Damon: This is the first time we have participated in a Pledge music campaign and we thought it was amazing, and so did our fans. We had the chance to speak with them directly and give them access to thing that you wouldn’t normally see. They loved the behind the scenes films we were posting during the recording. They could see Ricky working on lyrics or Scott laying down a guitar solo. I wish I could have had that opportunity with my favourite bands. We were really pleased, really happy with how it turned out.
(((o))): Last time I spoke with you, you spoke a lot about your writing relationship with Ricky being special. How has that relationship evolved now you are another couple of years and another album down the line?
Damon: We seem to keep besting ourselves and challenging ourselves and each other. I remember on Killer Instinct we went in and knew that ‘Blindsided’, ‘Finest Hour’ and ‘Killer Instinct’ were really special songs. This time when we went into pre-production, I knew that we were sitting on six or seven really good songs. I think people like hearing the story that when Ricky and I first got together to write new material for this album in January 2016, we spent three days writing, and in those three day we wrote ‘Cold War Love’, ‘Dancing With The Wrong Girl’, ‘When The Night Comes In’, ‘Testify Or Say Goodbye’ and ‘Ticket To Rise’. All five of those in just three days. There were two or three others that we came up with in that time too, which was pretty incredible when the idea was to sit together and see what we had. I remember sending some of the roughs to the rest of the guys and they were like “fuck, this is going to be a good album”, so I think that gave us a good starting point. That chemistry we have is great to be a part of. He’s such a hard worker, and a special lyricist. Both he and I come from blue collar backgrounds and we bring that work ethic to this thing so it’s a great partnership.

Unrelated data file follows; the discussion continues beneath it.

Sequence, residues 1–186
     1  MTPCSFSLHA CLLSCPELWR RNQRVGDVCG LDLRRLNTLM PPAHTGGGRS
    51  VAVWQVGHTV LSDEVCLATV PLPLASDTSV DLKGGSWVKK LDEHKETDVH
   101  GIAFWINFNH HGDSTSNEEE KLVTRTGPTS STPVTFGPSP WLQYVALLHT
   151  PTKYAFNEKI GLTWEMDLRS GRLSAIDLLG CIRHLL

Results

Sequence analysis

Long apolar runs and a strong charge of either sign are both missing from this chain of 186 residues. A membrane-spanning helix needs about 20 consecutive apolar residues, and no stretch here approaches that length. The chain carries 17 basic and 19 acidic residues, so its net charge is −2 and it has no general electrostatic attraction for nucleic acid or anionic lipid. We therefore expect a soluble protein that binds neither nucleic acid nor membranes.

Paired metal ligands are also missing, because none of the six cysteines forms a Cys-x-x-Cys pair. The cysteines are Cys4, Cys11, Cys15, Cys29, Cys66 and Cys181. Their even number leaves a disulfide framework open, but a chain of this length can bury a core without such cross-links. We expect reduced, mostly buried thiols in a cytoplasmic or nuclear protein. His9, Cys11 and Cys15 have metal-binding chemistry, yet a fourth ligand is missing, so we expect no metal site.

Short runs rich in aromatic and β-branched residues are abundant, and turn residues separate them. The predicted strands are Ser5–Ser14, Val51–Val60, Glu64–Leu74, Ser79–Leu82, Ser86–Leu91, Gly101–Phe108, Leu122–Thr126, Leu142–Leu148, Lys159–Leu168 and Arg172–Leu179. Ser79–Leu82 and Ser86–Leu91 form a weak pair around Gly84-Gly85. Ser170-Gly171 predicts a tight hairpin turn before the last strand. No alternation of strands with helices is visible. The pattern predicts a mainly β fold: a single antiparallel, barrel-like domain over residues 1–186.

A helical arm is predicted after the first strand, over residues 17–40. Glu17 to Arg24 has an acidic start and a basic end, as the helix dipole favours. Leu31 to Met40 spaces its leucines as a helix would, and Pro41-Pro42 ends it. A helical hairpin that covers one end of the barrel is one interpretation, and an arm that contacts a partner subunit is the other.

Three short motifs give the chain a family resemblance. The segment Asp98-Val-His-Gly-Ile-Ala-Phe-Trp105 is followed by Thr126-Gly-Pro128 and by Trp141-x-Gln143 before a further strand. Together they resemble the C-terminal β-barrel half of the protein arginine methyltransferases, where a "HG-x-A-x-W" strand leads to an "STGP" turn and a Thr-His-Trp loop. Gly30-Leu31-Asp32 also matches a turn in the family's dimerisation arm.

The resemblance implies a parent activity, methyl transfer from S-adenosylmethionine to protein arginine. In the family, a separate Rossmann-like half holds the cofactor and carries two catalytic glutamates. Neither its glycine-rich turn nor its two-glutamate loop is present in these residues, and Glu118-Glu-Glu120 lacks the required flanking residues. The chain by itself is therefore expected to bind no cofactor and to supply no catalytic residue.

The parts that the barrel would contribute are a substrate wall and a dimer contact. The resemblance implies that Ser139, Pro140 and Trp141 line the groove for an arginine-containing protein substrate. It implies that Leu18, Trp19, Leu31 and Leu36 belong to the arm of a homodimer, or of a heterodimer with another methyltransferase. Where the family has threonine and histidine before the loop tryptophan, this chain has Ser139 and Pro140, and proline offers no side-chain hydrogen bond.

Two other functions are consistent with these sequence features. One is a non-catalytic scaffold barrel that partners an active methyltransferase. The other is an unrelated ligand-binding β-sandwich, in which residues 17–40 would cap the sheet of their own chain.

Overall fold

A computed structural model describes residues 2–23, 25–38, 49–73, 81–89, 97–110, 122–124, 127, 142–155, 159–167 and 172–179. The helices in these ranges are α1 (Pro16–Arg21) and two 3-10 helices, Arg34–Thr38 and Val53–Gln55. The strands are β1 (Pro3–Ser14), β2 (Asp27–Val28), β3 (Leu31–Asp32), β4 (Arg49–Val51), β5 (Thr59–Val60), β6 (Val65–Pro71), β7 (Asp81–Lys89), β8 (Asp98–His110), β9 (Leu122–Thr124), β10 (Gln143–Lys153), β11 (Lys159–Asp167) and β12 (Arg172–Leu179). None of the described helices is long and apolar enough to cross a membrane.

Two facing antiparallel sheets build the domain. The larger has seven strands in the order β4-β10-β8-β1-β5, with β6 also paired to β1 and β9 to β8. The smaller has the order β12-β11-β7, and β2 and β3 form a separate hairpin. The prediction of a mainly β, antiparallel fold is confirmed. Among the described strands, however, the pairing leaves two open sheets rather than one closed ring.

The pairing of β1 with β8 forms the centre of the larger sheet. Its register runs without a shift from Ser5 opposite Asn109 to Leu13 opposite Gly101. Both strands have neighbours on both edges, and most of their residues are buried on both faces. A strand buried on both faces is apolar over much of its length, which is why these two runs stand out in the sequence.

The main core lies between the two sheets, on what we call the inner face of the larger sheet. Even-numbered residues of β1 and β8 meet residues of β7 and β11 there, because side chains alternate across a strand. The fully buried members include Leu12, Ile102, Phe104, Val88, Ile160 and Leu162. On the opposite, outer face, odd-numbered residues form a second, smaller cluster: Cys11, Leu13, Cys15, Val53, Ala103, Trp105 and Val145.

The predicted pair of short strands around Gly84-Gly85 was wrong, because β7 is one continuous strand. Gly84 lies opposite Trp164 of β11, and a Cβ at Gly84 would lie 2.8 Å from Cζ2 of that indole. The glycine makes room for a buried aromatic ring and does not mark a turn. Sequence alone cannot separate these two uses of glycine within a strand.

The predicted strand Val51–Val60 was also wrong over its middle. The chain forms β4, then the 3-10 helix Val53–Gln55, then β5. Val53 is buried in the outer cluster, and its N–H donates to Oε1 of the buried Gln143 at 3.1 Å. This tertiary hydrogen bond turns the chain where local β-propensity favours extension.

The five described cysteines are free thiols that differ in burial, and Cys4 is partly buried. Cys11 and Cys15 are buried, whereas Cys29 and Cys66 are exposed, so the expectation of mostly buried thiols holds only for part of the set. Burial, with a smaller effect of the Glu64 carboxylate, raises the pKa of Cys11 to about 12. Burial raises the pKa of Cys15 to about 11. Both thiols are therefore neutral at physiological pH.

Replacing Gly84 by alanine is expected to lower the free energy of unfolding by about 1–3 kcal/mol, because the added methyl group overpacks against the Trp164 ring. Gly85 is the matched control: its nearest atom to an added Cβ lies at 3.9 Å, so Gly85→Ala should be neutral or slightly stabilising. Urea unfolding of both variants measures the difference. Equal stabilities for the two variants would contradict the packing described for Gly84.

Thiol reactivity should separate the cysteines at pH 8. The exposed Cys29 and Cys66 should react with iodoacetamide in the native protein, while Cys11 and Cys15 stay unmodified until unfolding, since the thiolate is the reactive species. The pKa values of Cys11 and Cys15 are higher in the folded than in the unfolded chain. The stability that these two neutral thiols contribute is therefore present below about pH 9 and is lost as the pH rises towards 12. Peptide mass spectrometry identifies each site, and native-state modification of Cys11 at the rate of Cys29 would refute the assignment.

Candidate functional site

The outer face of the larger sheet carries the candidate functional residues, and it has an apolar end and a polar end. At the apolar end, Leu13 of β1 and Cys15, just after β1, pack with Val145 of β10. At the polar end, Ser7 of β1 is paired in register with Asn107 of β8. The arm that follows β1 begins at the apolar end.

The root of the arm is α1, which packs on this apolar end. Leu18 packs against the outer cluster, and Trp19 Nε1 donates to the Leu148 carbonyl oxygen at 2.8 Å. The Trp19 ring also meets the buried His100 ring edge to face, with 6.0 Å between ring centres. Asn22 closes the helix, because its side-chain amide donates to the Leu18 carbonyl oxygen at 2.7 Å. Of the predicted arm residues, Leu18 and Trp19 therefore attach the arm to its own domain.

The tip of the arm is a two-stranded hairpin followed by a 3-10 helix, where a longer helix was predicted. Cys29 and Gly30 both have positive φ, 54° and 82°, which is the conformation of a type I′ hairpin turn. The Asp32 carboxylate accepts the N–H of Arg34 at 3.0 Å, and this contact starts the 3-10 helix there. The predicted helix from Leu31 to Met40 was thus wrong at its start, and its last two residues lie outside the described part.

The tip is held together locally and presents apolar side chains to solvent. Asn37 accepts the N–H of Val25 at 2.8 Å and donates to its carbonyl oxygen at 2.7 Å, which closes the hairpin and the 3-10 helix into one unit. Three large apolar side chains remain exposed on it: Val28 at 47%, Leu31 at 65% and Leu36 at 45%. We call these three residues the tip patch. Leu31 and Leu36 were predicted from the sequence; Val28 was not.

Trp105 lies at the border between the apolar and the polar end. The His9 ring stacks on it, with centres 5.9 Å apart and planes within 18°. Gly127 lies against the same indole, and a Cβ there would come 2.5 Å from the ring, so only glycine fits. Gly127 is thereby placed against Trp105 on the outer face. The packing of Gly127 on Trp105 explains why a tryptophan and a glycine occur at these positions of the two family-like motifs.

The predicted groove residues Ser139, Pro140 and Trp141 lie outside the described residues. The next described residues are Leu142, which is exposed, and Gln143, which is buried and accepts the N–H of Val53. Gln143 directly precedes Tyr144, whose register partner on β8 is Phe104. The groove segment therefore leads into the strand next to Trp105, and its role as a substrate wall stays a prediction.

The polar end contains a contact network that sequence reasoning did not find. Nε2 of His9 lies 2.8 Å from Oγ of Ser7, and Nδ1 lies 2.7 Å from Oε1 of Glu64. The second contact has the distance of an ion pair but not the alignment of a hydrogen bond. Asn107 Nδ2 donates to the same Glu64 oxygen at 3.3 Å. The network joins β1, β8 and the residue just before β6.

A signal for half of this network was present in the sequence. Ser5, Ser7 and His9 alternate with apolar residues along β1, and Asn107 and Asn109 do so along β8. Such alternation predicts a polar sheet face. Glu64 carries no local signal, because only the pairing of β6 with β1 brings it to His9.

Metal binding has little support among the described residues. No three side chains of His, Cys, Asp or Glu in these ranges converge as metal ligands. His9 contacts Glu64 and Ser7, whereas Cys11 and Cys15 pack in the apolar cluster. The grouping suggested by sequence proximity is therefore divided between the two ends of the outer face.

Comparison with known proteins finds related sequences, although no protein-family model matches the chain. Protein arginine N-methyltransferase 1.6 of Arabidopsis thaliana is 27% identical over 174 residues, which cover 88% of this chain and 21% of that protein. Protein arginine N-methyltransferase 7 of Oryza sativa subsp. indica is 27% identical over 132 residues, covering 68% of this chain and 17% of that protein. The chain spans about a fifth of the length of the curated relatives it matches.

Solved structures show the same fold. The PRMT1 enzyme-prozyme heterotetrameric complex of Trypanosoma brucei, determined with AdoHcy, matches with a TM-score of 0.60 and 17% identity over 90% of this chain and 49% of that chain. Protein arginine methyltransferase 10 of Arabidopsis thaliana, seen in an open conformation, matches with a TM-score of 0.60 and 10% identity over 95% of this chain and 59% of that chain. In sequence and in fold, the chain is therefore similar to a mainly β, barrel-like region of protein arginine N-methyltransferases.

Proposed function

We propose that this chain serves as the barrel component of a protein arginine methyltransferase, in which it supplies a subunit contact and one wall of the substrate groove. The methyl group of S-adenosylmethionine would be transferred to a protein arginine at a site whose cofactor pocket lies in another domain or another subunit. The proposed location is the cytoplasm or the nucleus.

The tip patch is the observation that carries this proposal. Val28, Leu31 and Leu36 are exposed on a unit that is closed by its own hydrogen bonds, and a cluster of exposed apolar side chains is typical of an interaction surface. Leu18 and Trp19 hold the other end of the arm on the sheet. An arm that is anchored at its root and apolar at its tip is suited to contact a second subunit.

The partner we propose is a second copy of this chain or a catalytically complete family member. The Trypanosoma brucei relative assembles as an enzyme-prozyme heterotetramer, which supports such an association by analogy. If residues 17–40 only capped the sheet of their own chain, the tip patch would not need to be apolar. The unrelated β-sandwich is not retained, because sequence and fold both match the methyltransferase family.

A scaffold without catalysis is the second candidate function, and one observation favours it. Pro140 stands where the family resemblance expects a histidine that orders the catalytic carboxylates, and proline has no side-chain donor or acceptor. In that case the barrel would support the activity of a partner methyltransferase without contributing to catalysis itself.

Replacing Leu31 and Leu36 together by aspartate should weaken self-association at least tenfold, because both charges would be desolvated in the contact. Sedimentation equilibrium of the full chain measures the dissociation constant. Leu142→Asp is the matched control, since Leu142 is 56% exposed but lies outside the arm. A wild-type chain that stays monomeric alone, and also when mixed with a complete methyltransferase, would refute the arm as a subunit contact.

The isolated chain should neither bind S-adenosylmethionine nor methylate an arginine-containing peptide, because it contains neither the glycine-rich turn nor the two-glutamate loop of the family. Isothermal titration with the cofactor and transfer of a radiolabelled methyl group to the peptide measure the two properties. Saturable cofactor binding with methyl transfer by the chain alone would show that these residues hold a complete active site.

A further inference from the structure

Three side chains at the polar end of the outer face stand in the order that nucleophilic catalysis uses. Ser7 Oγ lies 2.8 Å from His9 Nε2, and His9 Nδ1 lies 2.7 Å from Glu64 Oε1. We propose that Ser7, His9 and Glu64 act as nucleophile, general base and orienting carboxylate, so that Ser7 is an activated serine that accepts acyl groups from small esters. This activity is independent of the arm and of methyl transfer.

(((o))): It’s been quite a settled line up throughout the band history so far. Does having your own projects away from Black Star Riders help with that settled atmosphere?